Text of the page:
The sequences from mitochondrial genes and genomes have been used extensively for phylogenetic inference, with complete mtDNA sequences being publicly available for more than 1000 animal species. (For a summary of the characteristics of animal mtDNAs, see Boore (1999).) It has been long argued (e.g. Boore & Brown 1998) that the relative arrangement (normally) of the 37 genes in animal mitochondrial genomes constitutes an especially powerful type of character for phylogenetic inference and so constitutes the first set of genome-level features to be used extensively for animal phylogeny. Briefly summarized, these genes are present in nearly all animal groups, are unambiguously homologous and can potentially be rearranged into an enormous number of states such that convergent rearrangements are very unlikely (and demonstrated to be uncommon). In the cases where it has been studied, all genes on each strand are transcribed together (Clayton 1992), so selection on gene arrangements is expected to be minimal. A summary of the evolutionary relationships convincingly demonstrated by this type of data (and in many cases left unresolved by all other studies) is found in Boore (2006), but here are a few of the more significant conclusions of deep-branch phylogenetic relationships: (i) the superphylum Eutrochozoa includes cestode platyhelminths (von von Nickisch-Rosenegk et al. 2001) and the phylum Phoronida (Helfenbein & Boore 2004); (ii) Sipuncula is closely related to Annelida rather than to Mollusca (Boore & Staton 2002); (iii) Annelida is more closely related to Mollusca than to Arthropoda (Boore & Brown 2000); (iv) Arthropoda is monophyletic and, within this phylum, Crustacea is united with Hexapoda to the exclusion of Myriapoda and Onychophora (Boore et al. 1995, 1998) and (v) Pentastomida is not a phylum, but rather a type of crustacean, and joins with Cephalocarida and Maxillopoda to the exclusion of other major crustacean groups (Lavrov et al. 2004).

3. Nuclear genomes, a treasure trove of phylogenetic characters

By a great margin, more DNA sequence is being generated than ever before. The facilities built and the techniques developed for sequencing the human genome are now focusing on many other organisms. The nine largest genome sequencing centres (table 1) collectively can now produce well over 170 billion nucleotides of DNA sequence per year, which would be approximately 57-fold coverage of the human genome. Imminently, there will be complete genomes of at least draft quality for many dozens of animals representing a phylogenetically diverse sample and including several equivocally placed lineages (figure 1; table 2).

View this table:
Table 1

URLs for the largest public DNA sequencing centres

Figure 1

This reconstruction of the major branches of animal evolution is used to plot the numbers of taxa with complete genome sequences done and underway. The taxonomic ranks shown are arbitrary, split for illustration, but not meant to be consistent among the major groups, and the taxa listed do not comprehensively cover all of life. Branch lengths hold no meaning. While opinions may differ on particular genomes as to whether they are complete versus needing more work, and whether they are well enough along to consider them ‘underway’, it is clear that soon there will be a large and phylogenetically broad sampling of genome sequences.

View this table:
Table 2

Complete nuclear genome sequencing projects done and underway as summarized in figure 1. (Asterisk indicate genomes currently funded to only low coverage.)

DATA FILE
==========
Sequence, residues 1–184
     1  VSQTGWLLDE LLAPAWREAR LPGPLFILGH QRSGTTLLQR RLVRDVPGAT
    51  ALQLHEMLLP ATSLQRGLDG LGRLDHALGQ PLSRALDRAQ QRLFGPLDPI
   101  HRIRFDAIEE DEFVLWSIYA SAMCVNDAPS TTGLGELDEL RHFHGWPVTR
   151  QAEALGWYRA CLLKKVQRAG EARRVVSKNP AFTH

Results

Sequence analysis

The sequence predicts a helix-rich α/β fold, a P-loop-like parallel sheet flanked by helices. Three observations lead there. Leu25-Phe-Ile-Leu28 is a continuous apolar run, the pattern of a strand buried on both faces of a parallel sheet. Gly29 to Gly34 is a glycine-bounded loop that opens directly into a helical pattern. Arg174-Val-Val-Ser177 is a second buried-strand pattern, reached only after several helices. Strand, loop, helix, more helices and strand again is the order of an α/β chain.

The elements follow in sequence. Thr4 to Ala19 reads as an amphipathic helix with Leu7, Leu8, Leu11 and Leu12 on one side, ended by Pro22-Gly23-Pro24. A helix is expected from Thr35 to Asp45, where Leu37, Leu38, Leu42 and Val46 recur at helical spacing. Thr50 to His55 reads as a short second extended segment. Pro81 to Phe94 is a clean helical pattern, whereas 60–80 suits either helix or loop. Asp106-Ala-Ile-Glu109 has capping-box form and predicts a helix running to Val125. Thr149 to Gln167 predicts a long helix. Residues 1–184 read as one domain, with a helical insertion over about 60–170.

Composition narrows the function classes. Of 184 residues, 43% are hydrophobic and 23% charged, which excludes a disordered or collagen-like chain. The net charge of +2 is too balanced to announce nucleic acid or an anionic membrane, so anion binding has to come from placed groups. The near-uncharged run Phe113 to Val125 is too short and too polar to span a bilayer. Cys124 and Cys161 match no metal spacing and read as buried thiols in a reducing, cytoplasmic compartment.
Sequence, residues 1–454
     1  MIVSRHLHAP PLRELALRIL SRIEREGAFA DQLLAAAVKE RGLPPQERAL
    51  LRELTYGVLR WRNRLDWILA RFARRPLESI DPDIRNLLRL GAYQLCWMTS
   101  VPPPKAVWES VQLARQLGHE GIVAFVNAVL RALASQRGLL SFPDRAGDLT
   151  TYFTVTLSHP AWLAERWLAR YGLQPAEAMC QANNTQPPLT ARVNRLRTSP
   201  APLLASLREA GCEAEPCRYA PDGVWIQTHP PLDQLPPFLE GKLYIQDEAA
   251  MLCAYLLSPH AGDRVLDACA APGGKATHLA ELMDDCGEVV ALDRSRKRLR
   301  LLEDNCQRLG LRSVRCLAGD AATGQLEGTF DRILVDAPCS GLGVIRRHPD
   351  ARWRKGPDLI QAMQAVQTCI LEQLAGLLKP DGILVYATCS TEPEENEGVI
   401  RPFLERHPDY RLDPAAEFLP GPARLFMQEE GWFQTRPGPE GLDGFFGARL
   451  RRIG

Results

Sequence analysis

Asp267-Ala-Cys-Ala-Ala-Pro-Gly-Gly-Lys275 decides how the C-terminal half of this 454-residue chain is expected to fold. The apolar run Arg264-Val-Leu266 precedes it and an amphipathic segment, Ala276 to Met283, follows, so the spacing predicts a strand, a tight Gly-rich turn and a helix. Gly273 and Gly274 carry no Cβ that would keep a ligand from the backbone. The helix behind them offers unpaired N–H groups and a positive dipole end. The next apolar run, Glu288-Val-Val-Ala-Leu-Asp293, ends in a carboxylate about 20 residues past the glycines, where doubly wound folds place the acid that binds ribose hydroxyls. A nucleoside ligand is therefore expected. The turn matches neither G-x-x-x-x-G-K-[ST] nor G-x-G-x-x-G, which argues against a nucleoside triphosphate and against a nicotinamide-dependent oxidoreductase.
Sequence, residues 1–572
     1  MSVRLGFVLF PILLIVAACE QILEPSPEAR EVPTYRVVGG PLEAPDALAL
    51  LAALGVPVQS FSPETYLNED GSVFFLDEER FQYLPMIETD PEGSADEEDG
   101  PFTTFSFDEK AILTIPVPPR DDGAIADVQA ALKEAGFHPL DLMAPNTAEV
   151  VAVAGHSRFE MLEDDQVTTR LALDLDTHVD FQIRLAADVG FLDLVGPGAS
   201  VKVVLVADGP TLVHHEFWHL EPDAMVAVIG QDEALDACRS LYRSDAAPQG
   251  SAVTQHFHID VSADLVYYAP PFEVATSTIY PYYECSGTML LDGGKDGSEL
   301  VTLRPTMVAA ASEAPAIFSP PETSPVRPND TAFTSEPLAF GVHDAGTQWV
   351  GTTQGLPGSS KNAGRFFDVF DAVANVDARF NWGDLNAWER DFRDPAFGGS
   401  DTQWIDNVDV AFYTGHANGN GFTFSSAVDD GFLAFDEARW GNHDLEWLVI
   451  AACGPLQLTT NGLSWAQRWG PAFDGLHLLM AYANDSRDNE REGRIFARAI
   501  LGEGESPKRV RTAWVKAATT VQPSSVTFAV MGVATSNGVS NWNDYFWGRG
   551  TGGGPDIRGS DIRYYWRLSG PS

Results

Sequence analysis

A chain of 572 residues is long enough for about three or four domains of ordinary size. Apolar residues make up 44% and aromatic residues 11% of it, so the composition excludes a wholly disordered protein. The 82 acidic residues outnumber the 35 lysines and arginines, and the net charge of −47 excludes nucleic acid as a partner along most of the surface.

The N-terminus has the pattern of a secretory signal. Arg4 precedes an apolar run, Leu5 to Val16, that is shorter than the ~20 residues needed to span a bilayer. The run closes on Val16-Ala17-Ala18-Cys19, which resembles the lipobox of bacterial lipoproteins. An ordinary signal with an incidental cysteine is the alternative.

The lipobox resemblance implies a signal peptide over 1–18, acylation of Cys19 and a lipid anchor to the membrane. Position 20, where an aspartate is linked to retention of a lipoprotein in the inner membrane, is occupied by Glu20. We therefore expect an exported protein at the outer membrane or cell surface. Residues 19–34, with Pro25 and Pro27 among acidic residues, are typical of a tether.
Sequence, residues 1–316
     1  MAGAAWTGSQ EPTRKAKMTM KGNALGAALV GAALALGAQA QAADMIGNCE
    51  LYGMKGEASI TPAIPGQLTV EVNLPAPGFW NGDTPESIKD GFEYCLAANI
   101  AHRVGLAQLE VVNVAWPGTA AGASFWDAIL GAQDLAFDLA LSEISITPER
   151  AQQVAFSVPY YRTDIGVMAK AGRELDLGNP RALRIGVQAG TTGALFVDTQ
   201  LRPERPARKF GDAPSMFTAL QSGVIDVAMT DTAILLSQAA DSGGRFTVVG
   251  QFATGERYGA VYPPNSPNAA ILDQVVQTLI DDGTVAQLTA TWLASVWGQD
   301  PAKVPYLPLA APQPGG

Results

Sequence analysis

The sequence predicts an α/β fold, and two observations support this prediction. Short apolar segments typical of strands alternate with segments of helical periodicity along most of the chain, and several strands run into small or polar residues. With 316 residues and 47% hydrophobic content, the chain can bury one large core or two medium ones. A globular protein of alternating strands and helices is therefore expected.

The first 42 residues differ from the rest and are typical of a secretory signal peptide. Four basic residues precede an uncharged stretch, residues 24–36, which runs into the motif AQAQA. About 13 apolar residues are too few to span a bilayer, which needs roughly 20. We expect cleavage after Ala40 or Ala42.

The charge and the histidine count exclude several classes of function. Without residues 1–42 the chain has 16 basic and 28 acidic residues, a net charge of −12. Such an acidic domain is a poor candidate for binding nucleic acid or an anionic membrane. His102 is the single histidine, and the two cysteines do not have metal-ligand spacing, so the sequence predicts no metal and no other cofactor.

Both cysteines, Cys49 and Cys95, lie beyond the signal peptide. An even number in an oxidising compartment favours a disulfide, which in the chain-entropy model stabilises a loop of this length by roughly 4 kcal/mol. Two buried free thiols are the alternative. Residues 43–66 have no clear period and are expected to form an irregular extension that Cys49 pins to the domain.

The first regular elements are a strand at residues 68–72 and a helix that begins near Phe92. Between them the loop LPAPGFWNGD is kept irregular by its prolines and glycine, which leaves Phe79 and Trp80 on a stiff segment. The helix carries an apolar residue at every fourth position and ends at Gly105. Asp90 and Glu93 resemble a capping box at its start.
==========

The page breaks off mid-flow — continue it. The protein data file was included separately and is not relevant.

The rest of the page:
In these genomic data are many higher-order features, beyond the linear sequences, that constitute genome-level characters that are potentially useful for phylogenetic reconstruction, including: (i) gene content, including components of multiunit complexes such as the ribosome, splicosome, DNA replication machinery, or oxidative phosphorylation enzymes and the presence versus the absence of particular biochemical pathways (e.g. de Rosa et al. 1999; Fitz-Gibbon & House 1999; Snel et al. 1999, 2005; House & Fitz-Gibbon 2002; Huson & Steel 2004); (ii) the relative arrangements of genes (Boore & Brown 1998); (iii) movements of genes among intracellular compartments (i.e. plastid, mitochondrion, nucleus; e.g. Nugent & Palmer 1991); (iv) insertions of segments of DNA, including transposons and numts (Fukuda et al. 1985; Richly & Leister 2004); (v) variation in intron positions (e.g. Qiu et al. 1998); (vi) secondary structures of rRNAs or tRNAs (e.g. Murrell et al. 2003); (vii) details of genome-level processes, such as the rearrangements that generate antibody diversity (Frieder et al. 2006) and (viii) deviations from the ‘universal’ genetic code (Telford et al. 2000; Santos et al. 2004). Many others are likely to be found.

Of course, the reliability of these features can only be assessed by the study of their consistency with other characters, and several are already suspect. For example, convergent gene losses may be common as organisms independently evolve smaller genomes or no longer experience selection for maintaining a particular biochemical pathway; in contrast, convergent gain of genes seems much less likely. Independent evolution of smaller genomes may also lead to parallel losses of the most expendable structures in the RNA or protein genes. There is a certain time horizon that limits the usefulness of any particular type of character; for example, once retroelements degrade in the sequence beyond the point where the insertion can be reliably inferred to be of single origin, the insertion is no longer useful as a phylogenetic character. Certain changes in the genetic code and in the tRNA secondary structures of mitochondria are known to have occurred convergently (although occasional homoplasy has not disqualified the use of either morphological characters or molecular sequence comparisons). There is also a problem in the case of closely spaced sequential internodes where random partitioning of polymorphisms, including those of genome-level characters, can lead to incorrect inference of phylogeny (e.g. Salem et al. 2003; see Boore (2006) for additional caveats and precautions).